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Climate and Fishing Impacts on the Spatial Population Dynamics of Tuna

Progress reports (PDF): Project Final Report, Project User Manual, FY 2010 progress rpt, FY 2009, FY 2008, FY 2007

The objective of this project is to investigate two intimately linked research questions discussed during the November 2005 meeting of the CLIOTOP Working Group 4:

  1. What is the relative importance of fisheries and the environment in structuring pelagic ecosystem?
  2. What are the mechanisms which explain observed variations across species, trophic pathways, regions, etc.?

A high priority for effective management of large pelagic fishes is the capability to discriminate between the effects of exploitation and climate dynamics on the sustainability of tuna populations. Climate related changes are believed to strongly influence the pelagic habitats of tuna, and thus movement and migration patterns. High frequency ENSO recruitment response appears to play out into low frequency decadal variations of tuna population biomass. Large changes in Pacific tuna catch rates in the 1950s-1960s were associated with natural climatic fluctuations. But not all tuna respond the same way to climate cycles, thus there should be demonstrable differences in survivorship during recruitment and responses to exploitation patterns. Empirical and analytical evidence are needed to explain the relative importance of environmental and fishing variability in structuring pelagic ecosystems. There is need to determine the mechanisms involved in observed variability across species, trophic connections, and oceanic regions. In this proposal, two spatial biophysical models are proposed to be run for several tuna species concurrently with 6-8 long-term (up to 50 years) climate regime datasets. It is anticipated that the model will enable researchers to evaluate potential alternative system states due to physical and anthropogenic forcing and to help determine if the impacts of natural climate variability could be anticipated in such a way as to help establish a management regime that accommodates exploitation pressures and natural variability to build sustainable tuna fisheries.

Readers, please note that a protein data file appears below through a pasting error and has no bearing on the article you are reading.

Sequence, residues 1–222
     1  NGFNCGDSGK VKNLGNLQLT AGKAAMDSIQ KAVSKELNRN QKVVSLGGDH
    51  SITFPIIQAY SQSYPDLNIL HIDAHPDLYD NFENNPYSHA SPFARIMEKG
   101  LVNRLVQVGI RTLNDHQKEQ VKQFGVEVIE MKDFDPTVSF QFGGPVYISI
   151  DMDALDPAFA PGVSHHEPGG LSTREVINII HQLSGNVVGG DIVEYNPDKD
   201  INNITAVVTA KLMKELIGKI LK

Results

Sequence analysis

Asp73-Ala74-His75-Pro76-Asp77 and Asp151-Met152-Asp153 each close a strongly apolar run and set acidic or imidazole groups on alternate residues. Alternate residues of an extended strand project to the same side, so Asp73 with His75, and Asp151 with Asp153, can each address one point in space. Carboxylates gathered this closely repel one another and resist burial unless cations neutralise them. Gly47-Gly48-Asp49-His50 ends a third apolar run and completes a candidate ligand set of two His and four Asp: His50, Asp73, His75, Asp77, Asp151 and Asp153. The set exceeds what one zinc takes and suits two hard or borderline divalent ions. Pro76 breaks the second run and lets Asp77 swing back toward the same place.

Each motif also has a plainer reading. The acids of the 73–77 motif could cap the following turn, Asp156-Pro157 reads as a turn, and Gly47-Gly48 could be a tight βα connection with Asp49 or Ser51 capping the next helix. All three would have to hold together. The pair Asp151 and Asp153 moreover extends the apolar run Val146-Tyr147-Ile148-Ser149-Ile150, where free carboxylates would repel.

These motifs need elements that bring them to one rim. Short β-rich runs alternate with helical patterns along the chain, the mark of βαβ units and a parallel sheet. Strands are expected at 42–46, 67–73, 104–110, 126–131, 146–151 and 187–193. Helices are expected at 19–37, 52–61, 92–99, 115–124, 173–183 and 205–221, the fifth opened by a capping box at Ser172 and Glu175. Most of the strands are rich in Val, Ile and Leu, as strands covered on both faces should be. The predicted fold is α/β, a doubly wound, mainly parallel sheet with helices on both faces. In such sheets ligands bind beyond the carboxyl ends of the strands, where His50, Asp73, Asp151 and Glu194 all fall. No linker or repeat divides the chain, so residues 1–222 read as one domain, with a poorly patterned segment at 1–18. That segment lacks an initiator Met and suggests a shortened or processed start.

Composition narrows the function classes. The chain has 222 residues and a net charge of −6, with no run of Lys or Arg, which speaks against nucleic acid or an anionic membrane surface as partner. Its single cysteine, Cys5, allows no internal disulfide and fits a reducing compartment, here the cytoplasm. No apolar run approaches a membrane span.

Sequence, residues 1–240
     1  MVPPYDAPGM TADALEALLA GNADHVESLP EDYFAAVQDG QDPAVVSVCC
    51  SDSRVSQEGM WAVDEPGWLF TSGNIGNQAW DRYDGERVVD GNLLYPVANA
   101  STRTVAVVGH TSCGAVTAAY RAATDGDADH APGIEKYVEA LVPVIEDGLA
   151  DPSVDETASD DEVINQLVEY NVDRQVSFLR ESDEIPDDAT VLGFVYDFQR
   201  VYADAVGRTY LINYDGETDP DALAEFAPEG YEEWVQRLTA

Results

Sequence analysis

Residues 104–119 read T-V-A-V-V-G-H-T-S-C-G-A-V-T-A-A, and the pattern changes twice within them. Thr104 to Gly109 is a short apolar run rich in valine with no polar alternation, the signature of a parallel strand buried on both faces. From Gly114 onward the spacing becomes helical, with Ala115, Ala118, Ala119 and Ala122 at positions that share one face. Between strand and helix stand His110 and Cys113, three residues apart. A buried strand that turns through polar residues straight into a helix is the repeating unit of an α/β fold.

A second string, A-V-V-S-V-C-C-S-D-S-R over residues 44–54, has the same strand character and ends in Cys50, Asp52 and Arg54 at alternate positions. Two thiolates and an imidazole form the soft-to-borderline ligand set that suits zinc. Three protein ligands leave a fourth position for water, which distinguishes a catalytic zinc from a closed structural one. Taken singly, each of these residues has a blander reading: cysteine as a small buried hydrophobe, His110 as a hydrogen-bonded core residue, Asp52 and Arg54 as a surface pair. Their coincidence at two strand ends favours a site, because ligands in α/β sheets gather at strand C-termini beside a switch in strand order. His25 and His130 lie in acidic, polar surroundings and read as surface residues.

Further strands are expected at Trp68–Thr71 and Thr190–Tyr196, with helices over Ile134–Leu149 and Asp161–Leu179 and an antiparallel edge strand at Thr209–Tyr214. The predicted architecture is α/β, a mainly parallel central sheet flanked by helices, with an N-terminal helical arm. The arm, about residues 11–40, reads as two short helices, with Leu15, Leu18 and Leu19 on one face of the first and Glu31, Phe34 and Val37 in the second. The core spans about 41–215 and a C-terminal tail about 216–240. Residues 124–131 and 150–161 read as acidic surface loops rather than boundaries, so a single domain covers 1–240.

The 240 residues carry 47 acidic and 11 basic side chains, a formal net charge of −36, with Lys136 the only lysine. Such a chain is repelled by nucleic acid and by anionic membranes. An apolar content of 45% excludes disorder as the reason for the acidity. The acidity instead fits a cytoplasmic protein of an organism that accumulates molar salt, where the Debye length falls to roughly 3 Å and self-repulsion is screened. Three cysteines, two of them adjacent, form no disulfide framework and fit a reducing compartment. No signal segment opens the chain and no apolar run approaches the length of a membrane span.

Spatial dynamic biophysical models have been concurrently developed in the Pacific and Indian Oceans by the principal investigators to simulate the pelagic ecosystem for primary trophic-level connections: tuna species, and their forage base. These spatial ecosystem models (SEAPODYM and APECOSM) use bioenergetic formulations to connect the species and trophic levels to each other and the environment, and include a multi-gear fishery component that allows evaluation of catches, catch rates, and catch size compositions by region. In the proposed research, space-time comparisons of two models with the same 6-8 long-term climatological datasets will be made, and calibrated with historical spatial patterns of fishery catch and effort.

Both SEAPODYM and APECOSM models use the same environmental data sets as forcing variables. They require fields of temperature, currents, wind, dissolved oxygen, primary production, light profiles and/or euphotic depth that can be predicted from coupled physical-biogeochemical models. However, these fields are averaged over three vertical (epi-, meso-, and bathy-pelagic) layers in SEAPODYM while APECOSM uses all vertical layers defined in the coupled physical-biogeochemical models. To explore the sensitivity to the forcing fields, project PIs propose the following strategy: to force two state-of-the-art biogeochemical models PISCES (Aumont and Bopp, 2005) and ESSIC (Leonard et al., 1999; Christian et al., 2003) that are able to produce the desired input forcings for SEAPODYM and APECOSM. These two biogeochemical model outputs will be forced by the two configurations of the global dynamical model ORCA (Madec et al., 1998) performed over the past 50 years.

Year 1 funding for this 3-year project estimated to be available mid-2006.

• Aumont O., and L. Bopp (2006) Globalizing ocean in-situ iron fertilization experiments. Global Biogeochemical Cycles, in press.

• Leonard, C.L., C.R. McClain, R. Murtugudde, E. E. Hofmann, and L.W. Harding, Jr., 1999. An iron-based ecosystem model of the central equatorial Pacific. J. Geophys. Res. 104: 1325-1341

Project Investigators:

Dr. Patrick Lehodey
Marine Ecosystems Modeling and Monitoring by Satellites (MEMMS)
Direction Oceanographie Spatiale
8-10 rue Hermès
31526 Ramonville St Agne cedex
Phone (33) 561-39-47-80
FAX (33) 561-39-37-82

Dr. Olivier Maury
Centre de Recherches Halieutiques Méditerranéennes et Tropicales
Institut de Recherche pour le Développement (IRD)
av. Jean Monnet
B.P. 171
34203 Sète cedex
Phone (33) 499-57-32-28
FAX (33) 561-39-37-82
email: Olivier.Maury@ird.fr


Dr. Olivier Aumont
Plouzané, FRANCE
email: Olivier.Aumont@ird.fr

Dr. Alain Fonteneau
Centre de Recherches Halieutiques Méditerranéennes et Tropicales, IRD
Sète cedex, FRANCE
email: Alain.Fonteneau@ird.fr

Dr. Christophe Eugène Menkes
Université Pierre et Marie Curie
email: Christophe.Menkes@lodyc.jussieu.fr

Dr. Raghu Murtugudde
ESSIC, University of Maryland
College Park, Maryland, USA
email: ragu@vinsanto.essic.umd.edu

Dr. Inna Senina
Pelagic Fisheries Research Program (PFRP)
University of Hawaii
Honolulu, Hawaii, USA
email: senina@hawaii.edu

Dr. George Watters
Protected Resources Division
NOAA Fisheries, SW Fisheries Science Center
Pacific Grove, CA, USA
email: George.Watters@noaa.gov


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This page updated October 4, 2010